Nanotechnology Now







Heifer International

Wikipedia Affiliate Button


DHgate

Home > Press > IBM Scientists Create Method to Measure the Performance of Carbon Nanotubes as Building Blocks for Ultra Tiny Computer Chips of the Future

Vibrations give color to light allowing us to locally measure charges in a nanoscale electronic device.
Vibrations give color to light allowing us to locally measure charges in a nanoscale electronic device.

Abstract:
Observing Vibration and Light at the Nanoscale to Advance the Use of Carbon Nanotubes as Semiconductors and Metal Wires Inside Chips

IBM Scientists Create Method to Measure the Performance of Carbon Nanotubes as Building Blocks for Ultra Tiny Computer Chips of the Future

YORKTOWN HEIGHTS, NY | Posted on October 14th, 2007

IBM (NYSE: IBM) scientists today announced that they have measured the distribution of electrical charges in tubes of carbon that measure less than 2 nanometers in diameter, 50,000 times thinner than a strand of human hair.

This novel technique, which relies on the interactions between electrons and phonons, provides a detailed understanding of the electrical behavior of carbon nanotubes, a material that shows promise as a building block for much smaller, faster and lower power computer chips compared to today's conventional silicon transistors.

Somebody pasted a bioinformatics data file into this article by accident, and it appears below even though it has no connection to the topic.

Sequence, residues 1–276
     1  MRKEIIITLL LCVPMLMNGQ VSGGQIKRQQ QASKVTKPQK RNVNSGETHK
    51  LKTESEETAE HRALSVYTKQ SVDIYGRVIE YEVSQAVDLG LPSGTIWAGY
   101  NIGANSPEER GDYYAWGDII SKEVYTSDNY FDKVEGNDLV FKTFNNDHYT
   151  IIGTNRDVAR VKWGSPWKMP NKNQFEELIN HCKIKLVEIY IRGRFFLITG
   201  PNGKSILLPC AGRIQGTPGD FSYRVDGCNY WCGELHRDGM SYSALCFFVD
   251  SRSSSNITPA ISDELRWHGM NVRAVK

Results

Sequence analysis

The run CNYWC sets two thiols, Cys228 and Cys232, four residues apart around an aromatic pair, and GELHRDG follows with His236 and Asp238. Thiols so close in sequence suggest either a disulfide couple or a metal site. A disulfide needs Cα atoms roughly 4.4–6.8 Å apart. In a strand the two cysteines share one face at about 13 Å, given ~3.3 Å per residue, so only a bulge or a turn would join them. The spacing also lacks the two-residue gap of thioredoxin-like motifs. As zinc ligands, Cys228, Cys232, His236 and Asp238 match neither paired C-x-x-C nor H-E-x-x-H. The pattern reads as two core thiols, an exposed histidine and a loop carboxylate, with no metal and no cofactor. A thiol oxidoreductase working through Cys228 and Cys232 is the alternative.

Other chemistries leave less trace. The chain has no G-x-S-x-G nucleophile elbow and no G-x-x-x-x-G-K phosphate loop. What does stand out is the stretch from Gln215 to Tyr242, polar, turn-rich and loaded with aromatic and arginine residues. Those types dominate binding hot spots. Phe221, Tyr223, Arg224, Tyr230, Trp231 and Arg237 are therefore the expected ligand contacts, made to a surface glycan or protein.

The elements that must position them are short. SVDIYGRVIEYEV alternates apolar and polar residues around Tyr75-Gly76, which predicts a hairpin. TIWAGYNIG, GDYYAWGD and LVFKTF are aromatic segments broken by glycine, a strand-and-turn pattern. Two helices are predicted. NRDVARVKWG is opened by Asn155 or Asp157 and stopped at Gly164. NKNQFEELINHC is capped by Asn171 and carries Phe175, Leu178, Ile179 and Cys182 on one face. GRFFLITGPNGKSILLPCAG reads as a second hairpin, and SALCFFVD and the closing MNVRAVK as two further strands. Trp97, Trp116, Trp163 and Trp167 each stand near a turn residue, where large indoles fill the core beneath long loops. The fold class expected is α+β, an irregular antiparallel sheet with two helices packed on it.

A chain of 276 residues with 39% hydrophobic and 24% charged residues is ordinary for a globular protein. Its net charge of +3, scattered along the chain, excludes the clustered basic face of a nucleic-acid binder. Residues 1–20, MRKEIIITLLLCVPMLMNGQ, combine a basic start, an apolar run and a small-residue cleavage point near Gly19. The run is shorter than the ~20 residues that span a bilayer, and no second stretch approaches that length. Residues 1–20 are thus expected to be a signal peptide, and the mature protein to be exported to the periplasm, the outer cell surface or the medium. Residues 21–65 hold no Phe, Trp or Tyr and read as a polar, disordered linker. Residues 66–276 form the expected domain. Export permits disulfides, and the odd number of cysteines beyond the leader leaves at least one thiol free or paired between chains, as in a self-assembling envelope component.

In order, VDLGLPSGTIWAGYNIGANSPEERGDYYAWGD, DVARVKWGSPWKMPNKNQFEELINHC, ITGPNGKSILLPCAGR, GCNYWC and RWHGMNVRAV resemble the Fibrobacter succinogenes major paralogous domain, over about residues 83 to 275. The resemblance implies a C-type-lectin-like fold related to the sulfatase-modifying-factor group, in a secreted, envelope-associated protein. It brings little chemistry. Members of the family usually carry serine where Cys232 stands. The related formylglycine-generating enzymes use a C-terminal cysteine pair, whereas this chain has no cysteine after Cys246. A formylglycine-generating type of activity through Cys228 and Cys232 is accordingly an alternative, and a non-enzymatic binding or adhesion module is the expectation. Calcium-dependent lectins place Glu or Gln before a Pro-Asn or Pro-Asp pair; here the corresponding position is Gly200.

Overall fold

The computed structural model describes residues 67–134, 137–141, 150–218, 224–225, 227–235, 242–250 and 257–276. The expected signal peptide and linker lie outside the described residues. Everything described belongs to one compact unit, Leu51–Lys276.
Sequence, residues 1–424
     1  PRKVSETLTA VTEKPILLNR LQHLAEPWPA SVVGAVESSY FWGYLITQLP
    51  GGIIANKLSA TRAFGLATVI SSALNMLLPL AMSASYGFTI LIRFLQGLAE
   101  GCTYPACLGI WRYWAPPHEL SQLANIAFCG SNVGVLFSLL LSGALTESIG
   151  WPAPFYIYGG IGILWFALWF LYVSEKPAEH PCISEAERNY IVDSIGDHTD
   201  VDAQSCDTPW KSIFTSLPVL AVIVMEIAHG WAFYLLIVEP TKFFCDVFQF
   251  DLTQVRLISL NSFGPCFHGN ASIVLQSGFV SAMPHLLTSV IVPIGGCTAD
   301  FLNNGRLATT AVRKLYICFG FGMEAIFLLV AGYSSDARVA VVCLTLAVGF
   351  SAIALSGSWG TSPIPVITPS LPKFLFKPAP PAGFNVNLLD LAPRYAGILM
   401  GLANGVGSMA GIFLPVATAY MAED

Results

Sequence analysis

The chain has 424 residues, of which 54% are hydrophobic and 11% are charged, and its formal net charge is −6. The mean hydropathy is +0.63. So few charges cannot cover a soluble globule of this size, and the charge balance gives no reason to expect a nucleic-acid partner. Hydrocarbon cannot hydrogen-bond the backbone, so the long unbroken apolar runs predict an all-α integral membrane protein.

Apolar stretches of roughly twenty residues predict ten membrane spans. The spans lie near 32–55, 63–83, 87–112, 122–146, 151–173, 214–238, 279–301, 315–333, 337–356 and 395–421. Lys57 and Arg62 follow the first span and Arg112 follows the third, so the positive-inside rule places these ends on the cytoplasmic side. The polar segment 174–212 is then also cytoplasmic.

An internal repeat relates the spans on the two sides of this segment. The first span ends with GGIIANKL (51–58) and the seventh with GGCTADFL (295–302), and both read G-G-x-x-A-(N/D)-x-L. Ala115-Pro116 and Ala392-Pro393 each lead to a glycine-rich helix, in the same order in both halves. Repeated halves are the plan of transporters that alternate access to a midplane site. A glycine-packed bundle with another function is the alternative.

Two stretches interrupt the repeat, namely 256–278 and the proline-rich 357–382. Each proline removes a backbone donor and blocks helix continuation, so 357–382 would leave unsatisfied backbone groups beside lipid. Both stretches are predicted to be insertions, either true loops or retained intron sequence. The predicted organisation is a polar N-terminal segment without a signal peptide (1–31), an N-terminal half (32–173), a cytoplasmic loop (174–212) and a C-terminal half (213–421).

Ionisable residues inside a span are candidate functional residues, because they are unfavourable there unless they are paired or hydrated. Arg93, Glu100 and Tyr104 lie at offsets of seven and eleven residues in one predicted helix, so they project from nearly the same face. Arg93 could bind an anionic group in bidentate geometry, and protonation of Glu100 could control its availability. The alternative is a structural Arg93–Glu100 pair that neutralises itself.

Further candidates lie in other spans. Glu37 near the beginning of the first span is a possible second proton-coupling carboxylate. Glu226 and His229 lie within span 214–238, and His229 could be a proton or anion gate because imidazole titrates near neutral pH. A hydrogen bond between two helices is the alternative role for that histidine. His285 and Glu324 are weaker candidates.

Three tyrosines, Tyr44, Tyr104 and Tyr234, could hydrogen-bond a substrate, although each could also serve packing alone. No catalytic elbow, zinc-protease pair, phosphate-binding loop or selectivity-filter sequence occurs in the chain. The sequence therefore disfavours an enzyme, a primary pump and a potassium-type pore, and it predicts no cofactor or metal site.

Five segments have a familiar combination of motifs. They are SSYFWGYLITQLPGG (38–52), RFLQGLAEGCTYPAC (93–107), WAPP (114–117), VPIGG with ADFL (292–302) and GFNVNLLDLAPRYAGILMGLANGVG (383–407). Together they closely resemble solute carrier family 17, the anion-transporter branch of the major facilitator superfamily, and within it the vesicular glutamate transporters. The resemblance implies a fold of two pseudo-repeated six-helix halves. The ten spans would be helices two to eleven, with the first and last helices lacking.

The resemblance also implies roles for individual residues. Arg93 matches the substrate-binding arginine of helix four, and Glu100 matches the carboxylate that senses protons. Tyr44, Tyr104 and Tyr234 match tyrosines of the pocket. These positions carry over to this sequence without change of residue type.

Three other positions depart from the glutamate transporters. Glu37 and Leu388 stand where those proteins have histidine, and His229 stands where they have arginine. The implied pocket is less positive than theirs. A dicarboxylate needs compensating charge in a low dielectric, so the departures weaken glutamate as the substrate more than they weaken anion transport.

Phonons are the atomic vibrations that occur inside material, and can determine the material's thermal and electrical conductivity. Electrons carry and produce the current. Both are important features of materials that can be used to carry electrical signals and perform computations.

The interaction between electrons and phonons can release heat and impede electrical flow inside computer chips. By understanding the interaction of electrons and phonons in carbon nanotubes, the researchers have developed a better way to measure their suitability as wires and semiconductors inside of future computer chips.

In order to make carbon nanotubes useful in building logic circuitry, scientists are pushing to demonstrate their high speed, high packing density and low power consumption capabilities as well as the ability to make them viable for potential mass production.